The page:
SÃO PAULO, Brazil – Freedom of religion needs to be taken into account when making “decisions concerning the criminalization of homophobia,” according to the head of Brazil’s bishops’ conference.
On June 13, Brazil’s Supreme Court ruled that acts of homophobia should be considered by the judiciary system as crimes of the same nature as racism. The Supreme Court’s decision will be valid until Congress passes specific legislation to regulate the issue.
“We hope the competent authorities recognize themselves as pilgrims in search of the truth – and not as the owners of the truth. Therefore, they will realize that the freedom of religion, secured by the Federal Constitution, presupposes the preservation of moral codes rooted in faith. This way, they will respect freedom of religion in judiciary decisions concerning the criminalization of homophobia,” said Bishop Walmor Oliveira de Azevedo, the president of the National Conference of Bishops of Brazil (NCBB), in an article published on the website of the organization.
Azevedo said that the Catholic Church “has the duty of informing and guiding its followers on matrimony and family, according to the Christian perspective.”
“Such a mission cannot be considered as an offense against persons or groups.”
Citing a previous statement released by the NCBB, Azevedo points out that “there is a risk of equivocal interpretations in these processes [involving acts of homophobia].”
“In this sense, the NCBB … asked for more clarity in the processes in action in the judiciary system, so that the limits of interpretation do not generate attacks to untouchable values based on faith.”
Azevedo stressed in the document that the Catholic Church does not “admit any kind of discrimination” and emphasized “the importance of the solidary and respectful welcoming of every person.”
“It is always appropriate to reaffirm: the doctrine of the Catholic Faith does not spread violence, but cherishes a code of conducts engaged in the promotion of life, in all its stages, from conception to the decline with natural death.”
Since the Supreme Court began to discuss the criminalization of homophobia, earlier this year, several Christian churches expressed concerns about possible limitations to their practices.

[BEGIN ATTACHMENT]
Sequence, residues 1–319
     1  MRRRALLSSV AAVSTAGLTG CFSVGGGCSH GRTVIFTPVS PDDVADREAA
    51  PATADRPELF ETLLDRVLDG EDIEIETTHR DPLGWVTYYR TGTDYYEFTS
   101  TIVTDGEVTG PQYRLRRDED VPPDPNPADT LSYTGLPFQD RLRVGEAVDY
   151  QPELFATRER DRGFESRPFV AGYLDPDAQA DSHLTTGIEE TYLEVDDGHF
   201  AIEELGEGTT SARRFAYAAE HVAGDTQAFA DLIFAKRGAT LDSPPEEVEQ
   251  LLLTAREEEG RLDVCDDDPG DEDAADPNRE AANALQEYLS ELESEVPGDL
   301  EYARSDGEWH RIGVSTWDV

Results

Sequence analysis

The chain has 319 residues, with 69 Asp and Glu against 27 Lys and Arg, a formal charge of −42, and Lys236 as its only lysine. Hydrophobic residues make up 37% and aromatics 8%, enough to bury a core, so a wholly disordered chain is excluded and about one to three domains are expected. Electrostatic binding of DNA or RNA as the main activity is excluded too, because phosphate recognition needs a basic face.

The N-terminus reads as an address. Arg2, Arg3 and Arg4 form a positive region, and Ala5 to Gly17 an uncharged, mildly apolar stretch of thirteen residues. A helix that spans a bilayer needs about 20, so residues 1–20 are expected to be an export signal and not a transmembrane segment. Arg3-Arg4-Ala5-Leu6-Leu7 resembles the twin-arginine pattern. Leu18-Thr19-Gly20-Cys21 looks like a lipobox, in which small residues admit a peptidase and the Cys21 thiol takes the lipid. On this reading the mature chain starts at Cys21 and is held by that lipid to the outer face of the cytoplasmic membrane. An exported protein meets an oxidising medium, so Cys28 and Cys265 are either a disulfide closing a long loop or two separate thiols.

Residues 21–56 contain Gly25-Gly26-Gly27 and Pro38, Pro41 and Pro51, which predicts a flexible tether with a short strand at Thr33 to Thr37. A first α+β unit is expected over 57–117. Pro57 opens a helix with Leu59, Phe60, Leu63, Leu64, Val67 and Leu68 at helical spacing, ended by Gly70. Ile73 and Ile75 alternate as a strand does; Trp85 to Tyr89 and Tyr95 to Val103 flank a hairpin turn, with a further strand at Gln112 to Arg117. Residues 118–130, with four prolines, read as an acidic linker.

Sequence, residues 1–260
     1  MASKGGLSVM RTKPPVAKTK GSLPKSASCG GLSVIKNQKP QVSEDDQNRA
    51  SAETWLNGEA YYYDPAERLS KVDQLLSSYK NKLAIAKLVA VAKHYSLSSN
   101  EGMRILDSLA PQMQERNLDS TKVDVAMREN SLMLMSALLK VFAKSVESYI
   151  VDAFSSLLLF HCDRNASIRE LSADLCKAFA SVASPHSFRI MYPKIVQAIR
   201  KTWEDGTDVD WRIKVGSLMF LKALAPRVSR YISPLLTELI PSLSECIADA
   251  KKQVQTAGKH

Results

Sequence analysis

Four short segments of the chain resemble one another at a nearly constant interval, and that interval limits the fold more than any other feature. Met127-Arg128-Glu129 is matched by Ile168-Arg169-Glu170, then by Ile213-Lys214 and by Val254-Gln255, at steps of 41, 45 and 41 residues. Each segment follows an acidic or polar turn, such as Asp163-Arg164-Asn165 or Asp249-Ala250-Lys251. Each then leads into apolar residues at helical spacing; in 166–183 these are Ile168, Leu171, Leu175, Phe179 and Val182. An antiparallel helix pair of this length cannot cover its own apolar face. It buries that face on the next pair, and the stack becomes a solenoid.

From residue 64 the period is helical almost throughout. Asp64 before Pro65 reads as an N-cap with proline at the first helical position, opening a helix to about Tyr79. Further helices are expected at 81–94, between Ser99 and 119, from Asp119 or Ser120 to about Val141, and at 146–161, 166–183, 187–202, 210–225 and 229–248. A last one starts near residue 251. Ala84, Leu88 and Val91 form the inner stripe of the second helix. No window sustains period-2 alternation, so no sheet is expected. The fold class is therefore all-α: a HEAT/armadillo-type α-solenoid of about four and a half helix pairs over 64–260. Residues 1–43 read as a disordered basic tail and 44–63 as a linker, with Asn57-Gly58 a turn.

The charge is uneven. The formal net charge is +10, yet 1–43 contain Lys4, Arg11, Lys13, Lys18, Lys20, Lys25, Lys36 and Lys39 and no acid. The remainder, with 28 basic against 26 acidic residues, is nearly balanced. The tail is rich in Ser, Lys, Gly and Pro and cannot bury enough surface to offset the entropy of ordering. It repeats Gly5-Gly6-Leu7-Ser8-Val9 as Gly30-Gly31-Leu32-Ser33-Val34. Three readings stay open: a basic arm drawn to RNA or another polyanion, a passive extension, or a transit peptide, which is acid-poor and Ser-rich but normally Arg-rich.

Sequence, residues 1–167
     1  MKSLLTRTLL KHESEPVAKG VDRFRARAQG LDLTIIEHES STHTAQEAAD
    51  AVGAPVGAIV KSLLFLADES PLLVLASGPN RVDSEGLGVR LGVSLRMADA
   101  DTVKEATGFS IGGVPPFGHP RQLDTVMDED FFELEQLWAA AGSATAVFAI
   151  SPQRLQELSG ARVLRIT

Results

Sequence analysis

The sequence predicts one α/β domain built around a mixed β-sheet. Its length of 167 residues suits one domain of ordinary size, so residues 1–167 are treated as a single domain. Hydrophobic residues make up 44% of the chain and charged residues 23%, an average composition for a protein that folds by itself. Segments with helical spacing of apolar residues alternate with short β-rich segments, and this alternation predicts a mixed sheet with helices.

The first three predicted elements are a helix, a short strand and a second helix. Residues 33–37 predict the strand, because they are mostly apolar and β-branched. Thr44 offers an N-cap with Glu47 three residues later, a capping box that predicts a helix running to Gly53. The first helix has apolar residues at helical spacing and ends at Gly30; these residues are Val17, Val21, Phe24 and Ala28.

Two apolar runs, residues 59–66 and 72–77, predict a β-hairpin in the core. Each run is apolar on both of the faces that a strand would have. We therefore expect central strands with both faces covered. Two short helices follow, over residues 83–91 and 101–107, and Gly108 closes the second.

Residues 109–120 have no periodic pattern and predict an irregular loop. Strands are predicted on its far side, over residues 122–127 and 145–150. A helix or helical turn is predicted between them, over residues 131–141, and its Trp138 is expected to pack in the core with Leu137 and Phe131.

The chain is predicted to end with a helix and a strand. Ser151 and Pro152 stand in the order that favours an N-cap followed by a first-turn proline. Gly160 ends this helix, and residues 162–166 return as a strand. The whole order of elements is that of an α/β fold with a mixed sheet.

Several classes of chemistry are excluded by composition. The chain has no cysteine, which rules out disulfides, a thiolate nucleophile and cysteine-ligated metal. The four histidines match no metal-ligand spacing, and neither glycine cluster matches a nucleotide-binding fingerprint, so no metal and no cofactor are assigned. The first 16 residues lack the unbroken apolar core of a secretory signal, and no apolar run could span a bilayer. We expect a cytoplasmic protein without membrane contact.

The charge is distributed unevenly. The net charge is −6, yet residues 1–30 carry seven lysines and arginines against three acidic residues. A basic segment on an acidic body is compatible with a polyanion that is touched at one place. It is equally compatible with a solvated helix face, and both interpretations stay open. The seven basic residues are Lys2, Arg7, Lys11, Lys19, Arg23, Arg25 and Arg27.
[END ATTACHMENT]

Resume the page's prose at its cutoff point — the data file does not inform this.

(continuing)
“The general fear was that criminalizing homophobia could have impacts on the exposition of the Christian doctrines and on the selection of candidates to priesthood. But the Supreme Court’s decision pretty much protects the churches,” said Francisco Borba Ribeiro Neto, coordinator of the Center for Faith and Culture at the Pontifical Catholic University of São Paulo.
The final thesis approved by the majority of the members of the Supreme Court establishes that the decision does not “limit the exercise of religious freedom” and that the ministers of all religions have the right to “freely preach and publicize, through word, images or any other means, their thought,” provided that such manifestations do not consist in “hate speech, which is understood as the exteriorizations that encourage discrimination, hostility or violence against persons due to their sexual orientation or their gender identity.”
Nevertheless, many churches – including the Catholic Church – remain worried about possible interpretations of this decision that could be harmful to them in future judicial cases.
“Brazil currently has a strong trend of judicial activism, so in the future the Supreme Court’s decision may be interpreted in a different way. That’s why some churches feel insecure,” Ribeiro Neto told Crux.
Moreover, the decision has a provisional nature and can be changed by Congress in the future, “so the churches want to make their position clear since the beginning,” he added.
Unlike several neo-Pentecostal evangelical churches, that have been campaigning against any change in the legislation, the Catholic Church in Brazil has been moderate in its approach.
According to Ribeiro Neto, the Brazilian episcopate generally accepts Pope Francis’s pastoral stance concerning the LGBT community, being open to welcome all persons without compromising the orthodox doctrine.
“Since the Military dictatorship [1964-1985], the Brazilian bishops have been welcoming people that, in other circumstances, could be seen as their opponents. So, they have a flexible way of dealing with many social groups, and that includes the LGBT community. There’s a tradition of dialogue,” he told Crux.
Azevedo’s article, in this sense, is a call for reasonability and places the NCBB against any extremist stance, Ribeiro Neto said.
“This is one of the most interesting statements issued by the NCBB in the past few years. It clearly expresses the stance of the Brazilian episcopate, which is traditionally one of prudence.”
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